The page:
The following interview is an excellent story of Syria told by an old Syrian activist, Yassin Al-Haj Saleh. He is now in his late fifties and tells (philosophically) of both his personal and countries plight under the al-Assad regimes’. Murtaza Hussain & Marwan Hisham ask some intriguing questions and in return get some insightful answers.
However, as much as Yassin Al-Haj Saleh portrays a deserved heroic life under incredibly harsh conditions, I do not believe he fully appreciates or understands the U.S. (West) position and more importantly the global implications of a regional, religious, and cultural problem.
I will provide my personal assessment of his observations and experience by commenting (highlighted) at the end of individual paragraphs and let you decide their validity.
by Murtaza Hussain & Marwan Hisham
Archives for April 2017
After this week’s chemical attacks in Syria, I decided to blog on our current U.S. position as it might compare to President Obama’s “red line” decision in 2012. During my research, I came across Derek Chollet’s 2016 article, “Obama’s Red Line, Revisited.” At that time, Mr. Chollet was the Assistant Secretary of Defense for International Security Affairs under President Obama. His article resonates today and possesses merit on President Obama’s handling of Syria’s chemical attacks in 2013.
But for reasons that are markedly different than what the Assistant Secretary surmised.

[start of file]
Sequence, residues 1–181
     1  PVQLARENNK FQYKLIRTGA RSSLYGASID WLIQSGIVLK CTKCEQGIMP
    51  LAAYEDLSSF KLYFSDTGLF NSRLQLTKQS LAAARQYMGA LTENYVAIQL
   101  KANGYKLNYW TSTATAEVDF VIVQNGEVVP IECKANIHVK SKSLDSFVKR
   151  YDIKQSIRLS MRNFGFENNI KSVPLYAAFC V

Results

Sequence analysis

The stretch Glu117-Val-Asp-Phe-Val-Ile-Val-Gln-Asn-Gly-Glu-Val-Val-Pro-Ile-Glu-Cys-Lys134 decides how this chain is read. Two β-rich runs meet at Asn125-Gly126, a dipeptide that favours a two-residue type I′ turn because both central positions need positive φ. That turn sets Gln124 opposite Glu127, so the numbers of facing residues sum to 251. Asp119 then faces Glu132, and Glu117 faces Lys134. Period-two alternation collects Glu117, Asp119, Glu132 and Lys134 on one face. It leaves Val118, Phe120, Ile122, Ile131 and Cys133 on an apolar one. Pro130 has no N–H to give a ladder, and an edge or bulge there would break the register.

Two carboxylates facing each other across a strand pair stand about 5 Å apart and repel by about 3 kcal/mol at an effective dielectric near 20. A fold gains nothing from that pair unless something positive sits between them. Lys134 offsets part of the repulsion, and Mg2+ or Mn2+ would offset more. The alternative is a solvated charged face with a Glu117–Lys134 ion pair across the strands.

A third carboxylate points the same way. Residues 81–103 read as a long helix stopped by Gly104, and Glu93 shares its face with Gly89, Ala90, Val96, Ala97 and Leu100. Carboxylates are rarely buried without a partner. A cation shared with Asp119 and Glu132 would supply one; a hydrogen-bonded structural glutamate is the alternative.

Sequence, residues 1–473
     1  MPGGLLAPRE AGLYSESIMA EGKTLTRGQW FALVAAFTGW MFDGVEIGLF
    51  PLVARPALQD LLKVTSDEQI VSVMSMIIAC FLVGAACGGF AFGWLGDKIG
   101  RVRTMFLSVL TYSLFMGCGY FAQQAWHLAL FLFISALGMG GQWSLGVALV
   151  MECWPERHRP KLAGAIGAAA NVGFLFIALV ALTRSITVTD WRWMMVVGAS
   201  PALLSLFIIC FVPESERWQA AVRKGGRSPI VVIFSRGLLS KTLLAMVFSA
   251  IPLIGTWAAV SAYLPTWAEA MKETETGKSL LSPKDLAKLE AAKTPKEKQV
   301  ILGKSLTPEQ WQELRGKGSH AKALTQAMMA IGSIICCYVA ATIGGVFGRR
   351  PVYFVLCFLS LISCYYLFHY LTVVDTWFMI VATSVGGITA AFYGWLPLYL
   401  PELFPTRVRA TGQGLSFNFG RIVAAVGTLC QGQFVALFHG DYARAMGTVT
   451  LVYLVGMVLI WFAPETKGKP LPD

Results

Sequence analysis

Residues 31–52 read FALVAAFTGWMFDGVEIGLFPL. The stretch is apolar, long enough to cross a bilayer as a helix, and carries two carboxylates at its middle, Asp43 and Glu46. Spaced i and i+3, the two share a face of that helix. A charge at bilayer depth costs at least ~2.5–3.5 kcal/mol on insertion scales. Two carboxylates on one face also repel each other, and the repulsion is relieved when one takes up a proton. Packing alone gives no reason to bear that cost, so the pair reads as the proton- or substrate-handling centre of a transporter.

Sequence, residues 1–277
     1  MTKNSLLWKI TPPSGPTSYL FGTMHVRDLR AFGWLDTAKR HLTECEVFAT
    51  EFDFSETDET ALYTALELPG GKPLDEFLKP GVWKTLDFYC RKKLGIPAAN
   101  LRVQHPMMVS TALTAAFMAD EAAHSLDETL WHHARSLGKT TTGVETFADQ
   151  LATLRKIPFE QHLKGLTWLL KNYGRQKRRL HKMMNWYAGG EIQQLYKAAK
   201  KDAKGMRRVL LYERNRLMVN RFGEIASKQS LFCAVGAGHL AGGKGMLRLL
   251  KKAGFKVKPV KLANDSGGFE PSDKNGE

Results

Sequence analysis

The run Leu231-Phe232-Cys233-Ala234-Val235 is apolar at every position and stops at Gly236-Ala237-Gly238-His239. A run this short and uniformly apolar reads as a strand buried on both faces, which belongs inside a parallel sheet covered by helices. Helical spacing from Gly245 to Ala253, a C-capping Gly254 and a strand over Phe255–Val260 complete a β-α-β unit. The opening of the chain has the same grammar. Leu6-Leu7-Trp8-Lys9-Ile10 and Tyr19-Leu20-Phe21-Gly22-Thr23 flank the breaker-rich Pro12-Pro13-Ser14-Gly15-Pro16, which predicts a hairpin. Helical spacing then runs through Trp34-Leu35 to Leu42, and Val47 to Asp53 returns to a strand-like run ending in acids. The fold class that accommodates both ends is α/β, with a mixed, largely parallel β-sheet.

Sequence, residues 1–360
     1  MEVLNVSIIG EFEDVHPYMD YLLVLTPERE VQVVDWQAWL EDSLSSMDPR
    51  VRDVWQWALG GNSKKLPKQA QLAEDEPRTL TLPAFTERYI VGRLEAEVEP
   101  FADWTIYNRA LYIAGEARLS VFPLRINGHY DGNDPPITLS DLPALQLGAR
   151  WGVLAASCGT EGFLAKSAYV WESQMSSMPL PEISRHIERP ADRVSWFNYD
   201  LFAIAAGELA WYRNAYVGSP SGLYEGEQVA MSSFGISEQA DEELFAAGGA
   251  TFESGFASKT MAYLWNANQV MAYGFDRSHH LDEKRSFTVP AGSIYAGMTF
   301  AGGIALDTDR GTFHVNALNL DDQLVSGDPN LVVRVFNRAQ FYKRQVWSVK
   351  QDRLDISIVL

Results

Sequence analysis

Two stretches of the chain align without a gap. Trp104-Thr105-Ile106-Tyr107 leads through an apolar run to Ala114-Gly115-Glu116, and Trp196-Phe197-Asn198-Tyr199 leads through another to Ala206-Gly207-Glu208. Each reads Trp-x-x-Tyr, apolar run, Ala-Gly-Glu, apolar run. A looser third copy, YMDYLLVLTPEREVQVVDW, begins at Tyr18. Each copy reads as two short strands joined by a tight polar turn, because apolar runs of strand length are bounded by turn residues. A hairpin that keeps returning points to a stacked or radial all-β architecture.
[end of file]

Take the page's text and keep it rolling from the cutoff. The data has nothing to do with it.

“Space, the final frontier…”
The iconic excerpt from the introduction to the 1960s cult TV show “Star Trek,” said so much to so many. The U.S. was on the verge of landing a person on the moon beating out our arch enemies, the Soviet Union. And more importantly, it was our first terrestrial adventure outside Earth. We were embarking on a path that would physically separate our species from all others…stepping us into the vastness of space. How exciting!!
as much as this adventure seems provocative and inevitable, not everyone shares this excitement. Per Debate.org, as many as 55% of those surveyed said “no” when asked, “Is Space Exploration good?” Per Debatewise.org, 51% said no to space exploration. Their disapproval ranged from “solving earthly problems” to “little benefit” to “excessive cost.” In general, a waste of time and money.
And it’s not as if the naysayers don’t have a point.
More than one billion people live in extreme poverty. 750 million do not have access to clean water. Climate change appears to be a real problem. Preventable diseases take 2 million children a year. And one-fifth of all humans live without electricity. In addition, the U.S. and other nations are trillions of dollars in debt, and the number of deadly conflicts increased substantially over the last 50 years. Not to mention our ongoing problem with global terrorism.
With all these challenges it begs the question, why do something as frivolous as exploring space?
The benefit is more than you can imagine!